Calgary·Photos

Calgary's critters: A hinterland who's who on wildlife in the city

Each week in May we'll be taking a look at some of the wildlife of all shapes and sizes that share our city. This week we take a look at mostly gallinaceous birds — or heavy-bodied ground-feeding birds — and their water-loving counterparts.

Have your own wildlife pictures? We want to see them

These wood ducks are just some of many birds who can be found on the ground or water more often than air. (Submitted by Carl Marr)

Each week in May we'll be taking a look at some of the wildlife of all shapes and sizes that share our city.

This week we take a look at mostly gallinaceous birds — or heavy-bodied ground-feeding birds — and their water-loving counterparts.

Sharp-tailed grouse

The sharp-tailed grouse, named for its narrow feathers pointed with white edges, are scattered throughout Alberta. 

(Duane Starr)

Ring-necked pheasant

The ring-necked pheasant is a native of Japan and southern China, according to the province, and was first successfully introduced into southwestern Alberta in 1908.

(Phil Smith)

Partridge

​Also known as the Hungarian partridge, the province says the gray partridge is a small bird introduced to Alberta in 1908. It is a native of the bush plains of Europe and western Asia, but this partridge couple has found a home in Parksdale. 

(Submitted by Martha Bondy)

Killdeer

National Geographic says the killdeer can be common around human developments, often forms flocks after breeding in late summer and is common across North America. 

(Phil Smith)

Swan 

The province says the trumpeter swan bred throughout Alberta but was near extinction by the early 1900s. It has been gradually recovering since 1944. 

(Submitted by Tara Little)

Canada goose

A Canada goose wanders around the University of Calgary campus during a short rainstorm. Geese and their goslings become a common sight in many urban areas of Calgary in the spring.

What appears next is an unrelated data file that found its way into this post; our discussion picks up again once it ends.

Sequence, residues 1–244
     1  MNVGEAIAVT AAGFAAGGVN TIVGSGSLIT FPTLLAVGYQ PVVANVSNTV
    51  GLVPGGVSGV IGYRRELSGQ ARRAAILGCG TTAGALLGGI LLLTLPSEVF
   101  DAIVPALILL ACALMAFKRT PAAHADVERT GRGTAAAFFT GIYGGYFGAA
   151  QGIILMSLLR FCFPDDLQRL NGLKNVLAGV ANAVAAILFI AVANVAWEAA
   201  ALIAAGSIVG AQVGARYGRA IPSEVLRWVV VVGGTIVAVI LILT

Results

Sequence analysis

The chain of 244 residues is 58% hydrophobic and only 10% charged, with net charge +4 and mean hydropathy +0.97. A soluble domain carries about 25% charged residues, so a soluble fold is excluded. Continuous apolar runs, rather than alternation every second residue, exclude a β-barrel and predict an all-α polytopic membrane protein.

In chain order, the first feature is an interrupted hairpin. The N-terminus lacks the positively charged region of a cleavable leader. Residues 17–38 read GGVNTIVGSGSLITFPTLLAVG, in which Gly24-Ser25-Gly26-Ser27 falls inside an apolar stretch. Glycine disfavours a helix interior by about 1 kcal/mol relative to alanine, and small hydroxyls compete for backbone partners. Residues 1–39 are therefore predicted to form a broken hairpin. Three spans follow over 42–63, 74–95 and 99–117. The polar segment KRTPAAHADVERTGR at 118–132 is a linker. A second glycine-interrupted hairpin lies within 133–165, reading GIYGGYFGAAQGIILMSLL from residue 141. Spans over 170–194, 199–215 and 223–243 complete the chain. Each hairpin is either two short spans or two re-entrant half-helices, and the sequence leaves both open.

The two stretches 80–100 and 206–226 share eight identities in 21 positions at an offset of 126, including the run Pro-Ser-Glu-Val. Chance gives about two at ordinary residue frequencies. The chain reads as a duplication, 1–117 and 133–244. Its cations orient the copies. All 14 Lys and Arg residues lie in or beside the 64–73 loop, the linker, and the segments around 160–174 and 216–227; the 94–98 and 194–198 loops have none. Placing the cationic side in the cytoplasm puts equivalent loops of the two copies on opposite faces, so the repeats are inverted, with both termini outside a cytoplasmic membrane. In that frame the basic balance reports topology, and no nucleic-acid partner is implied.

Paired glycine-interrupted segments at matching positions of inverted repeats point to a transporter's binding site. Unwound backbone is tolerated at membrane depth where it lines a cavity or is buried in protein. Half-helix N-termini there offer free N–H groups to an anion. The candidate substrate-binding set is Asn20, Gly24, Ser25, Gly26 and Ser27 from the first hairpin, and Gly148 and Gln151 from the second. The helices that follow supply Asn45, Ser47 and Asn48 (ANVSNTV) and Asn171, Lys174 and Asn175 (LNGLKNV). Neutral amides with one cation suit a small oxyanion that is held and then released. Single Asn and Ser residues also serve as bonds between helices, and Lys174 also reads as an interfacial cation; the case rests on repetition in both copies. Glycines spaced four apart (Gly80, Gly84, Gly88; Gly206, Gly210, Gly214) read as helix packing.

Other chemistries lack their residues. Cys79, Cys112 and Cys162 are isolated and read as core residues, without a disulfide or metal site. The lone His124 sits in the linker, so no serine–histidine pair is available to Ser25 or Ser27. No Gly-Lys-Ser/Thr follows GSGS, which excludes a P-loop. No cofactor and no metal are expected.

(Katy Anderson)

Loon

Loons are known for their signature call but can also be agile divers that feed on small fish after fast underwater chases. This one was pictured near melting ice on the Glenmore Reservoir. 

(Diane Stinson) (Diane Stinson)

Mallard duck

This mallard duck, which was nesting in the yard of CBC wildlife columnist Brian Keating, nests throughout most of North America and winters from southern Canada to Panama.

(Submitted by Brian Keating)

Wood duck

This wood duck, a species of perching duck found in North America, floats in the Inglewood Bird Sanctuary. 

(Submitted by Mike Kelly)

Common merganser

Female and male common mergansers look quite distinct, but they both eat fish and nest in tree holes. 

(Submitted by Dianne Thomas)

There are many other birds in Calgary, including harlequin duck and ptarmigans. Have pictures of other birds found more on the ground or water? Send them to calgaryphotos@cbc.ca.


Stay tuned as we bring you more wildlife pictures throughout May as spring continues to ramp up. Have a picture you're particularly proud of from Fish Creek Park, then you can enter it into the Friends of Fish Creek Photography contest starting in July. 

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